The Debt Office’s guarantees

The Debt Office has large commitments in the form of guarantees for infrastructure projects, credit institutions and pensions for employees of government agencies that have been privatised, such as the former Swedish Post Office.

A guarantee constitutes a risk, which is usually shared by the central government and the lender. For this reason, a guarantee should never cover the full amount. There are different types of guarantee commitments.

Credit guarantees

Standing surety for someone else’s loan, i.e. acting as guarantor, is the type of guarantee most commonly provided by the Debt Office. The borrower pays a fee to compensate for the risk accepted by the Debt Office.

Pension guarantees

When government agencies started being privatised in the early 1990s, their pension undertakings were transferred to the new company and are guaranteed by the Debt Office. These relate to former government agencies such as the Post Office, the National Forest Enterprise and the National Board of Public Building. The single largest undertaking is PostNord. Some of these undertakings are insured with PRI Pensionsgaranti. This means that the Debt Office has issued a supplementary guarantee, should the company or PRI be unable to pay out pensions

Capital guarantees

A guarantee to inject capital under certain future circumstances is a type of guarantee that is becoming increasingly uncommon. Only the Riksdag and the Government can commission the Debt Office to issue such guarantees.

  • A guarantee fund is a guarantee to inject capital in a company that is in a vulnerable position. This guarantee is valid for a limited time with a limited amount. The Debt Office annually issues a guarantee fund for Svenska Skeppshypotek for SEK 350 million, which is valid for 20 years.
  • A capital adequacy guarantee is similar to a guarantee fund, but has no limitation in terms of time and amount. It is an unlimited undertaking, which makes the risk difficult to assess.
  • Callable capital for international financial institutions – Sweden is a member of several multilateral financial institutions, such as the Nordic Investment Bank. The membership is based on authorised capital, provided in the form of callable capital, which means that the central government via the Debt Office is obligated to inject the capital requested by the institution. This is an unlimited credit, for which we keep a special reserve. Payments from this reserve are then subsequently deducted from the appropriations for the ministry concerned.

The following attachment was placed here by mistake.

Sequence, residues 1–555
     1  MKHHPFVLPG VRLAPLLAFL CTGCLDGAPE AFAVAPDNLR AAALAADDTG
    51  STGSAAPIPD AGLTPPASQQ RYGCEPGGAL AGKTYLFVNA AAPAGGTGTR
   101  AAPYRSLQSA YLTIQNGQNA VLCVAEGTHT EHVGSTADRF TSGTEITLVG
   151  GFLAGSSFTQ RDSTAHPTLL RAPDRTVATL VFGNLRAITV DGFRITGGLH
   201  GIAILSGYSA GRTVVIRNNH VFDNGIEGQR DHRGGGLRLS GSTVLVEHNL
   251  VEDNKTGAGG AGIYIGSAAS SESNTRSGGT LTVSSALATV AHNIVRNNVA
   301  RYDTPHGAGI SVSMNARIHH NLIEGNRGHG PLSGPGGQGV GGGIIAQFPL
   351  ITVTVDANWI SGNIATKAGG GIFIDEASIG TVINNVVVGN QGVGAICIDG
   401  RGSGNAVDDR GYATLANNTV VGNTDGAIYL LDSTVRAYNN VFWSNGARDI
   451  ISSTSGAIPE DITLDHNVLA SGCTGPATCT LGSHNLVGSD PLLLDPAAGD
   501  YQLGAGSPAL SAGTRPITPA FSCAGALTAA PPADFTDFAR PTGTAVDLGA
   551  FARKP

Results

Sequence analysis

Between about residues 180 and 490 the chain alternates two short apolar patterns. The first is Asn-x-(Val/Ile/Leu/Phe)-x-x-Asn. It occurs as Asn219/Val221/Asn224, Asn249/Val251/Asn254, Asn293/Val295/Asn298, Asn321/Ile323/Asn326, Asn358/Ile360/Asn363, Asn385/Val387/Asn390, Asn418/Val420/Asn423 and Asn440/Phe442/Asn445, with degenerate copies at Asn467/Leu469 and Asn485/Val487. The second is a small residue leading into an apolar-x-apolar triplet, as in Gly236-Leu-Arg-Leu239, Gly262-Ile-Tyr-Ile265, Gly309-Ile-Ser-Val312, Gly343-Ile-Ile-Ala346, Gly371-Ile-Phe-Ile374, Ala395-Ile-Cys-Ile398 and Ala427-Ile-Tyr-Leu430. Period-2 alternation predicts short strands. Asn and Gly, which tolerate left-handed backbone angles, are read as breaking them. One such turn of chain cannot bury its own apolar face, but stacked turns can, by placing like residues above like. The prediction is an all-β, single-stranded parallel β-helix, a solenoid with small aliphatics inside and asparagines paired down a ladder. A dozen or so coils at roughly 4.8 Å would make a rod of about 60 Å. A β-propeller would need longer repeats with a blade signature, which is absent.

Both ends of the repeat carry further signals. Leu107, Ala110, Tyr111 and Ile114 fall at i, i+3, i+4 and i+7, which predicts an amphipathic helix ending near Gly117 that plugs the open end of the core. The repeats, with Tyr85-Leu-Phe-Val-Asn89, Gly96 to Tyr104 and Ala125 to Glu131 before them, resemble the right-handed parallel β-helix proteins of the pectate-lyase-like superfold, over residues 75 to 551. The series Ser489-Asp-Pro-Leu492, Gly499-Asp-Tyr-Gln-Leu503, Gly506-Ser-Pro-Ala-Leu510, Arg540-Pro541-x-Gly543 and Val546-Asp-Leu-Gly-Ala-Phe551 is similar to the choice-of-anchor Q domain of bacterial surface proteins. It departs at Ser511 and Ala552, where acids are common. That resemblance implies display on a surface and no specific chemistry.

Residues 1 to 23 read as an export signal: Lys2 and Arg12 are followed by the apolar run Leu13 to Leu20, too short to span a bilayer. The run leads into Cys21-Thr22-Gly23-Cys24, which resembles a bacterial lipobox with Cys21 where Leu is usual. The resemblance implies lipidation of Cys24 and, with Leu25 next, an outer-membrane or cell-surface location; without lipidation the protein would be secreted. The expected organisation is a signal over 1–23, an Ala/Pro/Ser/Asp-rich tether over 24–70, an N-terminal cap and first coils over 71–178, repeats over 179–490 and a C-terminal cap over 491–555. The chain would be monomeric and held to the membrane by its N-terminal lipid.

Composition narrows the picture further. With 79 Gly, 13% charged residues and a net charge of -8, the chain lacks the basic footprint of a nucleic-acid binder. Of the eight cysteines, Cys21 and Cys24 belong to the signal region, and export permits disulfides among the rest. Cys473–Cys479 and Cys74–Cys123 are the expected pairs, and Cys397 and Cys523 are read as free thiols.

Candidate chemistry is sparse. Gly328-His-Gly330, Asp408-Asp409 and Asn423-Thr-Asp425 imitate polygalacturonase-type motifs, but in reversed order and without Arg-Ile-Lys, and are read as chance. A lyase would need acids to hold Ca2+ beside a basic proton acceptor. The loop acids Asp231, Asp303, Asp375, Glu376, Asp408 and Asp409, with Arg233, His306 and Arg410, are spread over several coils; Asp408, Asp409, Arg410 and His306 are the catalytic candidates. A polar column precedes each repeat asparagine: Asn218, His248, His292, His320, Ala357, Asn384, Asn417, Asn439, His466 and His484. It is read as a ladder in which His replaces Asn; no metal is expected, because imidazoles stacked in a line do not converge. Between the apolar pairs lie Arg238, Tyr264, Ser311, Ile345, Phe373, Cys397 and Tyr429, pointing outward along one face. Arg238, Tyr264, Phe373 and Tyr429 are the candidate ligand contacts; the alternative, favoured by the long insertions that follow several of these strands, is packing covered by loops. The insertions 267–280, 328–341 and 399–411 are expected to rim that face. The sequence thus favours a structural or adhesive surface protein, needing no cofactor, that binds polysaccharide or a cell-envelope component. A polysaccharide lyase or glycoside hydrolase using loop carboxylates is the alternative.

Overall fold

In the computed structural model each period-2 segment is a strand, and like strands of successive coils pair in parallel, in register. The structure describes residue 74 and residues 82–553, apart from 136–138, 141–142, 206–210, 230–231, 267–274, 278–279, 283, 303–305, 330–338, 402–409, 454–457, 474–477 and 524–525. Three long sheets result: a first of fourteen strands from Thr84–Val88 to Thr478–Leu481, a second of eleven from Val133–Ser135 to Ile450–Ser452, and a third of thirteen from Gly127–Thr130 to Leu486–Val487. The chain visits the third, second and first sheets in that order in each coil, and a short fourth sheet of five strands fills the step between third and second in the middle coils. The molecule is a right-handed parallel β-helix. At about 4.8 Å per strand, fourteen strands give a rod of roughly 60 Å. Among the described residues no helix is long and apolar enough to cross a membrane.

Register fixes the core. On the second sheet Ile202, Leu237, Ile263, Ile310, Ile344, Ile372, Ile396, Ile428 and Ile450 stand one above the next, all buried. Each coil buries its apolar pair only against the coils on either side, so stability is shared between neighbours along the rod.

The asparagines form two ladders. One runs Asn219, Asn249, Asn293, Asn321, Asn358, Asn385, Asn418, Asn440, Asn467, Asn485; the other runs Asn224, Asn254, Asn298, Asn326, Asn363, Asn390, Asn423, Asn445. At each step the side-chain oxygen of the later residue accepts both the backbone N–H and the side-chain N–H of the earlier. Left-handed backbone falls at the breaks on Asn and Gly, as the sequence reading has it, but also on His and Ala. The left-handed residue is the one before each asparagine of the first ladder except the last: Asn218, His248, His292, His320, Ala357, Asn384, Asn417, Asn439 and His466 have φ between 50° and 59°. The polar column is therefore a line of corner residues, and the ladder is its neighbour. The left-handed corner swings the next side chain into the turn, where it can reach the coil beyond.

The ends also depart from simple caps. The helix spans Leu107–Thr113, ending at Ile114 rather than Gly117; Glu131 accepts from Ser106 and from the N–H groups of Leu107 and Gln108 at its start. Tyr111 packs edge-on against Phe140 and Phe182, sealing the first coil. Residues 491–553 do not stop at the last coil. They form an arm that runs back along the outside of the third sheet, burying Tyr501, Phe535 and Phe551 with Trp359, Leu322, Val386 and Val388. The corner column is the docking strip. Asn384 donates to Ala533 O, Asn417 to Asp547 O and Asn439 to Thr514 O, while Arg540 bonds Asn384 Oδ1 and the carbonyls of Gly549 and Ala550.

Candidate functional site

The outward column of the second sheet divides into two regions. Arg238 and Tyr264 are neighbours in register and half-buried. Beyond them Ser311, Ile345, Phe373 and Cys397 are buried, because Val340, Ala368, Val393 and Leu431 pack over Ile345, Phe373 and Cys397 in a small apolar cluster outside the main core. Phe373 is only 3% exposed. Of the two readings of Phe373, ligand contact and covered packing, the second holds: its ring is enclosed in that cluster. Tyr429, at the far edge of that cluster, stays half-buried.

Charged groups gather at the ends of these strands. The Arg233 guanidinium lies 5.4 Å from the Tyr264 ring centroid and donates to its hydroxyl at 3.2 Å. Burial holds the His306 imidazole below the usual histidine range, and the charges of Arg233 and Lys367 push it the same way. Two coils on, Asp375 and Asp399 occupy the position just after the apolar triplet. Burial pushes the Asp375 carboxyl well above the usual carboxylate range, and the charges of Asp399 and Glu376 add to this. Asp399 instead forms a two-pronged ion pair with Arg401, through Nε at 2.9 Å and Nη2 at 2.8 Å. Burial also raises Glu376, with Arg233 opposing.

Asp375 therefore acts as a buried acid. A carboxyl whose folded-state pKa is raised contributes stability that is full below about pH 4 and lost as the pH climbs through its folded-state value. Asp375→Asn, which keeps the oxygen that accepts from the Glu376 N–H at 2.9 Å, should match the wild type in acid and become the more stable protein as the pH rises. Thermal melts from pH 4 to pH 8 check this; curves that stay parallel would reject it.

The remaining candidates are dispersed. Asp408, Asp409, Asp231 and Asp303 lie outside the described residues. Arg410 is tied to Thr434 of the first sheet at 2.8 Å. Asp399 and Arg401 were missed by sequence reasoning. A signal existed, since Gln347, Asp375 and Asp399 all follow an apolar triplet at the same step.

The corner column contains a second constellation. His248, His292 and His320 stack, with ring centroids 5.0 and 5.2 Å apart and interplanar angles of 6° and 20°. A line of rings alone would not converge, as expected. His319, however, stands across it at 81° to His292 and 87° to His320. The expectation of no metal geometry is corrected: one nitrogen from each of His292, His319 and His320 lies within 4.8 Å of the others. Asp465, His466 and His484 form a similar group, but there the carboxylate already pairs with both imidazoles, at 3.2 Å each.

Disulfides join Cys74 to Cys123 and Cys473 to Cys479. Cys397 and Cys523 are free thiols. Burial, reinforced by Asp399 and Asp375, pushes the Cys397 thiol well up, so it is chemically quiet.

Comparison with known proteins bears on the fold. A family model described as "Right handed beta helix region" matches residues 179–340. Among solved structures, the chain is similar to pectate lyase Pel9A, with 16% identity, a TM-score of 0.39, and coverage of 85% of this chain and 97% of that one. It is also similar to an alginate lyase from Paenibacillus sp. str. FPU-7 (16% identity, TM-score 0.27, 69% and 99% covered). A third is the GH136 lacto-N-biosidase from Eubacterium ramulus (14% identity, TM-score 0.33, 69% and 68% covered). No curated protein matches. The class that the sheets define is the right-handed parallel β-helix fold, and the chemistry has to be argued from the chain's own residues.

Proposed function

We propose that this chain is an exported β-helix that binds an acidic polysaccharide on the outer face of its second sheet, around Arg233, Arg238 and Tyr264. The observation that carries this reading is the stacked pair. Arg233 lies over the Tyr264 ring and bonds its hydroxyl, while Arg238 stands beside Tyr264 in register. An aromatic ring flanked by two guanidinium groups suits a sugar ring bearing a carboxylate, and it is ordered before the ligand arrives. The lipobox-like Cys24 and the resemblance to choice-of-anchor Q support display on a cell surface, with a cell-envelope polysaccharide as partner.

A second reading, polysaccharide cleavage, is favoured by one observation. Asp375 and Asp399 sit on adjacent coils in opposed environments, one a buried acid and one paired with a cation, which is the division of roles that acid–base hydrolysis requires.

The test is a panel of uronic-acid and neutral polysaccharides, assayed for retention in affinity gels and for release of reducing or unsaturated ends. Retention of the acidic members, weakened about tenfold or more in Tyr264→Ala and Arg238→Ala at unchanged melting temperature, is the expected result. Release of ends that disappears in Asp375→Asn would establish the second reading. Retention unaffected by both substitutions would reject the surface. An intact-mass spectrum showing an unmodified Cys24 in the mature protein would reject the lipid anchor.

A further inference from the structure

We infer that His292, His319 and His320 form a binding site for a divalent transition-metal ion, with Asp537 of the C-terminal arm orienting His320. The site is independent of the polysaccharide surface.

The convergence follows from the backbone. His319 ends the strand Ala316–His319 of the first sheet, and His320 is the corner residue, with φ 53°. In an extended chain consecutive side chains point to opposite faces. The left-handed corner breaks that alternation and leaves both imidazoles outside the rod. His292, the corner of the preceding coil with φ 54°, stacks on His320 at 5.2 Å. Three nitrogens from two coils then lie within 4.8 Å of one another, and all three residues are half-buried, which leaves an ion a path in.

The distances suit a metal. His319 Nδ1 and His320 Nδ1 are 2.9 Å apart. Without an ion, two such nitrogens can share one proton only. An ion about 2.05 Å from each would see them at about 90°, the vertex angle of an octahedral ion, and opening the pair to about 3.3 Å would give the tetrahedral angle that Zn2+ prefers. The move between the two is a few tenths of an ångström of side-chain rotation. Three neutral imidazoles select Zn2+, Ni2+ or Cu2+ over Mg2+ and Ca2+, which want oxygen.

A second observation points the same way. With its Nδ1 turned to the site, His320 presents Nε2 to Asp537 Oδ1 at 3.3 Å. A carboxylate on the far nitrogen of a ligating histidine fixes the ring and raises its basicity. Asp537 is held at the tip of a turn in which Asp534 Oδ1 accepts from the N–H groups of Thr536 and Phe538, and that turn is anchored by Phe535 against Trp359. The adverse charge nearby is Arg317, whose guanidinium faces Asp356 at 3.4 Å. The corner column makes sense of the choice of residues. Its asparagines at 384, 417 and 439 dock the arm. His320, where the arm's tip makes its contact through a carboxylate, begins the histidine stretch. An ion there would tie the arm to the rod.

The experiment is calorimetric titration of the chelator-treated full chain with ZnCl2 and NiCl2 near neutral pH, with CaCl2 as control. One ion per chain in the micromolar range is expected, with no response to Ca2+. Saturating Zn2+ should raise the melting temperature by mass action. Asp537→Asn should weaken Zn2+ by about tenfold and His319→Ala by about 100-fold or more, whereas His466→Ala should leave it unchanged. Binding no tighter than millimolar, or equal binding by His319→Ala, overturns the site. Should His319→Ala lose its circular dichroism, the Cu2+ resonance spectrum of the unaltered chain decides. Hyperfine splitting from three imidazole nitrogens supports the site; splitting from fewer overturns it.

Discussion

• Guarantee programmes are a more standardised initiative to support a certain industry or field. These may for example relate to the shipbuilding industry or to national emergency preparedness.


The Debt Office's guarantees

The Debt Office manages a credit guarantee for the benefit of Eurofima, a supranational organization owned by a number of railway administrations in Europe. Eurofima finances railway equipment purchased by its shareholders.

This undertaking means that the Swedish government guarantees Eurofima's financing of railway equipment together with the other shareholders until 2036. The Swedish government owns 2 percent of the shares in Eurofima. The ownership is administrated by the Ministry of Enterprise and Innovation.

The extent of the guarantee equals the owner share, up to a maximum of 52 million Swiss franc (the size of subscribed share capital). The guarantee can only be invoked if a loan default exceeds Eurofima's guarantee reserve and remains unmet by the defaulting railway's government.

Our largest individual guarantee undertaking is the credit guarantees for the bonds of Öresundsbro Konsortiet, a consortium owned by one Danish and one Swedish company.

The consortium financed the building of the Öresund Bridge between Sweden and Denmark by issuing government guaranteed bonds on the international credit market.

The bonds are guaranteed jointly by the Danish and Swedish governments via Danmarks Nationalbank and the Swedish National Debt Office. When the Öresund Bridge was opened for traffic on 1 July 2000, the debt amounted to the equivalent of approximately SEK 24 billion.

The consortium runs and manages the bridge and will use the profits it generates to pay off the debt incurred to finance its construction. The length of time this will take depends largely on traffic trends and the revenues brought in by the bridge. The debt is expected to be repaid by around 2035, according to a forecast made when the bridge was opened.

The work on Arlandabanan started in 1995 as a collaborative project between the Government and the private industry. The purpose of the project was to finance, build and run Arlandabanan; the railway connecting Arlanda Airport to the rest of the national rail network.

The wholly state-owned company Arlandabanan Infrastructure AB, previously Arlandabanan Projekt AB, is tasked with preserving the Government's rights and obligations in accordance with the agreements made between the parties involved.

The company's equity capital is small in relation to its undertakings in the project. The Swedish Civil Aviation Administration and Swedish Rail Administration (now the Swedish Transport Administration) therefore issued a capital adequacy guarantee in 1996. The guarantee ensures that the company has sufficient funds to fulfil its obligations, primarily to the company A-Train AB, which has the right to use of the track for 40 years.

As the shares in the company were transferred to the Ministry of Enterprise, Energy and Communications, the Debt Office took over responsibility for the capital adequacy guarantee. Any payment will therefore be made by us, for which we are then compensated by the Swedish Transport Administration.